I'm back on learning music, so I'll document here the stuff I've been learning.
It's important to know what are the basic building blocks of music, right?
The basic building block of music is a note. They are represented by English charaters A-G (
G). We know them by the solfège do–re–mi–fa–sol–la–si, which translates to the characters
B (it starts on
C because it's the equivalent to do, with
D being the equivalent to re, and so on).
Notes can be modified by accidentals, creating intermediary notes between each one. The sharp sign (
#) raises a note by a semitone (or half-step), while a flat (or bemolle) lowers note by a semitone. So, c
C# would be a note that exists between
E♭ would be a note that exists between
E. It's also possible to have a semitone represented by two possible accidentals - for instance, the
C# one could also be represented by
D♭. Since the sharp sign raises one semitone and bemolle lowers one semitone, the two representations are equivalent.
Note: there are some special notes that does not have intermediary semitones. The
C, and the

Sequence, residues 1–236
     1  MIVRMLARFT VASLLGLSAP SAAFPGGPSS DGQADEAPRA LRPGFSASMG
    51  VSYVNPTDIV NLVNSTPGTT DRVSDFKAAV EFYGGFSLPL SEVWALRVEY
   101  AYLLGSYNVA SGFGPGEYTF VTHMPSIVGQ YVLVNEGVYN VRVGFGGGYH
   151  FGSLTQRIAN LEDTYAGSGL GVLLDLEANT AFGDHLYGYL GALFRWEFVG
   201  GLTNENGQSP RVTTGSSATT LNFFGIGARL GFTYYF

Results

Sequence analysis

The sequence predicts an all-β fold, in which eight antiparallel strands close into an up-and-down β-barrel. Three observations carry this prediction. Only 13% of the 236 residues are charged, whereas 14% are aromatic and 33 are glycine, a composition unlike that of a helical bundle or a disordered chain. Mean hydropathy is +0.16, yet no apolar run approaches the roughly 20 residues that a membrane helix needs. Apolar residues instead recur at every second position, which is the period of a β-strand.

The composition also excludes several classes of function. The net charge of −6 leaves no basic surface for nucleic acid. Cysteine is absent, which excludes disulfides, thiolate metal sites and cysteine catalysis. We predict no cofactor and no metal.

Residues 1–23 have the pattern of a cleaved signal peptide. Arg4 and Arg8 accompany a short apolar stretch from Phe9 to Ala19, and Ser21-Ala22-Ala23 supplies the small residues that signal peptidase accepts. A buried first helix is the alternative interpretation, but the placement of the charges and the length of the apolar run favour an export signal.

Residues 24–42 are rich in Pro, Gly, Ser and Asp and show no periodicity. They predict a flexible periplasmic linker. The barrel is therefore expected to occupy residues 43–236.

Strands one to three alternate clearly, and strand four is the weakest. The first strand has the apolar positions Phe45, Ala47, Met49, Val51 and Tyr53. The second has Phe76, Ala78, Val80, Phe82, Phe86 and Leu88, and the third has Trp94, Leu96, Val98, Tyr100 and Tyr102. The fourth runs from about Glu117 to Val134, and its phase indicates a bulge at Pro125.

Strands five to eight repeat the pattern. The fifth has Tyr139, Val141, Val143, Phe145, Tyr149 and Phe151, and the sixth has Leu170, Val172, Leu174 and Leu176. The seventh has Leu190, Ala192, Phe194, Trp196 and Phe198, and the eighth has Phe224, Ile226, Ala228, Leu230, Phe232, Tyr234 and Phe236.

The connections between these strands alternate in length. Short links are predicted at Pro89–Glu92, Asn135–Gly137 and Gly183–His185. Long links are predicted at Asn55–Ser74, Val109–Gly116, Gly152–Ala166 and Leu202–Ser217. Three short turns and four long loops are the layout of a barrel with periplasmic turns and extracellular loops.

F. These ones does not have semitones between them, so the semitones
F♭does not exist.
The full list of notes and sharp semitones would be:
C C# D D# E F F# G G# A A# B
The equivalent full list of notes and flat semitones would be:
C D♭ D E♭ E F G♭ G A♭ A B♭ B
In music, a scale is an ordered set of musical notes. One of the most common scales is probably the C Major:
B. It has no sharps or flats, and can easily be played on piano by just hitting the white keys starting on
A tetrachord is a set of four notes separated by three intervals. Tetrachords are the basic building blocks of a major scale, and its notes are systematically spaced by the following rule: whole step, whole step, half step, with a whole step separating the tetrachord from the second one. This way you can draw any major scale by just starting from a given note and following the tetrachord spacing order.
Using the tetrachord schema, I could describe the logic behind the C major with:
C major (
C D E F G A B): the first tetrachord goes one whole step (full note) from
D, one whole step from
E, and a half step (semitone only) from
F(remember, there are no semitones between
F). Then one whole step to start the second tetrachord at note
G. Then, one whole step from
A, one whole step from
B, and one half step from
C(again, there are no semitones between
Below are some other major scales I'm writing through the tetrachord system (I'm checking them on Wikipedia right after writing, and they are correct - yeah!):
- D major:
D E F# G A B C# D
- E major:
E F# G# A B C# D# E
- F major:
F G A A# C D E F
- G major:
G A B C D E F# G
- A major:
A B C# D E F# G# A
- B major:
B C# D# E F# G# A# B